Sunday, December 14, 2014

An Unlikely Christmas Letter

Advent. The season of anticipation, where we look forward to the coming Christ. It's also a time when many of us look back over the year, reflect and evaluate. As we prepare to write those Christmas letters, we look for highlights and focus on the positive. No one wants to read about hardship and suffering, so we all become spin doctors, putting a shine on the stories we choose to share.

And while I understand the heart behind these glad tidings, while I rejoice that your child is on the honor roll and I'm thrilled that you finally took that long-anticipated vacation, and I'm excited that your remodeling project turned out even better than expected (if not a wee bit over budget), I find myself asking if maybe we are missing something.

Don't get me wrong, I hear (and I share!) your genuine gratitude for the many ways that God has blessed you this year. And there is nothing wrong--in fact there are many things right--with taking time to recognize the hand of God in our lives. We bless God for the good things. As well we should. But have we learned to bless God for the bad things?

Can we appreciate the sovereignty and grace of God in the messy parts of life, and bless him? I wonder what would happen if, in all sincerity, my Christmas Letter read like Habakkuk 3, where the prophet speculates about a season of total and utter disaster. The fig trees don't blossom, there are no grapes on the vine, the olives fail, and the fields produce no crops. To top it all off, there are no sheep in the pens and no cattle in the stalls. Remembering that Habakkuk was speaking to a group of people whose total livelihood was dependent on agriculture, this is a pretty grim picture.

Can you go there? Maybe, in fact, you have been there this year. Maybe everything that you attempted failed. Maybe your child is not on the honor roll, but is struggling to earn passing grades. Maybe you didn't take a vacation--and you can't imagine that you will ever be able to afford one. Maybe remodeling isn't in the picture because you can barely keep up with the mortgage. Add to that the death of a beloved pet, a scary health diagnosis, and a fractured friendship, and we'd be getting close to the what Habakkuk was talking about. In essence, the Christmas Letter in Habakkuk 3 reads like a tragedy in verses 16 and 17. Which is why the following verses are so profound. Habakkuk basically describes a worst-case scenario, and then he says this:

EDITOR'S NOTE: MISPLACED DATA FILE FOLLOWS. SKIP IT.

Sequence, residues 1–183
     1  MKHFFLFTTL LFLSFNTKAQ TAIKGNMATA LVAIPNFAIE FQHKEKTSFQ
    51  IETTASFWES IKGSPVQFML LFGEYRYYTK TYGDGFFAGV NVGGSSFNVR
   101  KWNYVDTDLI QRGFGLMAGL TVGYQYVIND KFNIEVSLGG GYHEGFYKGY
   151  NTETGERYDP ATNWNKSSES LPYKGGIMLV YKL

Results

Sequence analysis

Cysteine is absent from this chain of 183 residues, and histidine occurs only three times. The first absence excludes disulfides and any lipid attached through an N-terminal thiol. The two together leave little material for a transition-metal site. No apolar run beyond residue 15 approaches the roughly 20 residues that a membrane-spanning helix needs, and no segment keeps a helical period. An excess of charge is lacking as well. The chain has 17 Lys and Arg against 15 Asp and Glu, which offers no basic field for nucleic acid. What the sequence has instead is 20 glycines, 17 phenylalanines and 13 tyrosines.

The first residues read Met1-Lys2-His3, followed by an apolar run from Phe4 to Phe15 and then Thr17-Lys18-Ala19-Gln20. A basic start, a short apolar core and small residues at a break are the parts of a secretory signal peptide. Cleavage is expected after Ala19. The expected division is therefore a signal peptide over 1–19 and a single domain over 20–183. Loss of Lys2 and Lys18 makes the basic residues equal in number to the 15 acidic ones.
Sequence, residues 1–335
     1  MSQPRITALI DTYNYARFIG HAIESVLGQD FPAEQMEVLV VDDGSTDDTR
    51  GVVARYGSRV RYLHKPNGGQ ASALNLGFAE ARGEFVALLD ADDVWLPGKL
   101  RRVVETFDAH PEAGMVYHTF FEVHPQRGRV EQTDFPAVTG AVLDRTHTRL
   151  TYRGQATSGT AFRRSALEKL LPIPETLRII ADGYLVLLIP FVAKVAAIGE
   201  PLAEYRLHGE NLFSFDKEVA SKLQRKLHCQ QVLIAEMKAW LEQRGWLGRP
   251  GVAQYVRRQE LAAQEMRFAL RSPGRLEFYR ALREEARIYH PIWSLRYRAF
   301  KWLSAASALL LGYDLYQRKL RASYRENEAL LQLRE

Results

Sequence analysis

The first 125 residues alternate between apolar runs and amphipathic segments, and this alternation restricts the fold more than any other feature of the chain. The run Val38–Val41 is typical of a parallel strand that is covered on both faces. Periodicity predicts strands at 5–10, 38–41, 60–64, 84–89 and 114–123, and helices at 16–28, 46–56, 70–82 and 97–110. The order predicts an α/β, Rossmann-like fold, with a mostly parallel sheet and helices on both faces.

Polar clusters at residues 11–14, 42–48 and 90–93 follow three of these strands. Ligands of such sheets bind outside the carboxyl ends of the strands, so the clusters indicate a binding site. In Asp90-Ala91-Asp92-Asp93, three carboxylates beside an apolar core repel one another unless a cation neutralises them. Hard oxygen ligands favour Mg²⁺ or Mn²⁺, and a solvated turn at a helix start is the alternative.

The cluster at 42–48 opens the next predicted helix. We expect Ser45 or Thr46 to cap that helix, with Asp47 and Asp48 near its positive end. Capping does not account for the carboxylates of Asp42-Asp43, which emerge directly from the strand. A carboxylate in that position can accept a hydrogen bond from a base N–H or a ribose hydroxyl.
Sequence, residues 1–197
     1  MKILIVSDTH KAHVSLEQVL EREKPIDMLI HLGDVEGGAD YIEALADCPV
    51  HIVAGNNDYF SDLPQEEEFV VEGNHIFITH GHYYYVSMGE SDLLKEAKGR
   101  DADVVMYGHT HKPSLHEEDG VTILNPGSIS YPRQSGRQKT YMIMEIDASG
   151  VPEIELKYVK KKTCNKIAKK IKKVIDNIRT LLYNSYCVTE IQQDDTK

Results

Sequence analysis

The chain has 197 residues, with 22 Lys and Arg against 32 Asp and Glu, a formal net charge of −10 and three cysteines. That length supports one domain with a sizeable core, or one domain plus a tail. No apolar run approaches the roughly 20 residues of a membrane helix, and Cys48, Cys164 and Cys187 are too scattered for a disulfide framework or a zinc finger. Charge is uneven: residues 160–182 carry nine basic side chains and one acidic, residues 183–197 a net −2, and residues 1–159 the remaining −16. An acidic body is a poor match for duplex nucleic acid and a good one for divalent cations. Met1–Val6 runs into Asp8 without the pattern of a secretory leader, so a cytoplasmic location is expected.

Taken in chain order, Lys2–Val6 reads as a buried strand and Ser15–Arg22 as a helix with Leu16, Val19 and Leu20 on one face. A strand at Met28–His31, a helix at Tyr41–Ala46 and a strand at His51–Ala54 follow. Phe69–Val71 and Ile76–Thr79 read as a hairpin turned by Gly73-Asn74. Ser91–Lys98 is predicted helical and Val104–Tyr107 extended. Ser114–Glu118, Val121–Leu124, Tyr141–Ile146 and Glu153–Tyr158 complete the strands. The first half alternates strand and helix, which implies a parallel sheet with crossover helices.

yet I will rejoice in the Lord,
    I will be joyful in God my Savior.

Why is Habakkuk joyful? Is this that fake Christian "paste a smile on your face and don't let anyone see your pain" sort of rejoicing? Is this some platitude of what "should" be, but something that no one actually experiences? Or does Habakkuk live in the State of Washington, where pot is now legal? The following verse gives even greater depth to what Habakkuk is describing:

The Sovereign Lord is my strength;
    he makes my feet like the feet of a deer,
    he enables me to tread on the heights.

No, this is not a shallow joy. This is the hard-won joy of a weay traveler. The sovereign Lord--that is to say, the one who allowed all of the crops to fail, the one who had the power to stop my suffering and didn't, the one who may have even ordained such pain for my life--the sovereign Lord is my strength. Have I learned to let the sovereign Lord be my strength? Do I trust the one who brought me TO the hard places to take me THROUGH the hard places?

Here's how I'll know. My feet will be agile, able to tread on the heights. Agile feet don't get bogged down by rough terrain. Agile feet keep moving. Agile feet love to run broad meadows, but they are not detered by steep cliffs. Many of us want to tread on the heights, but we are not willing to scale the mountains. The heights are often discoved through the depths. 

When I finally grasp that, then suffering becomes a welcome friend--an invitation to climb a mountain with the one who will make me sure-footed. 

To be continued...
Later this week, I'll share our Habakkuk 3 experience from 2014.

1 comment:

  1. Jennifer, I am blessed to know you and share lives and stories. God bless your Christmas. He is so very, very good. All the time.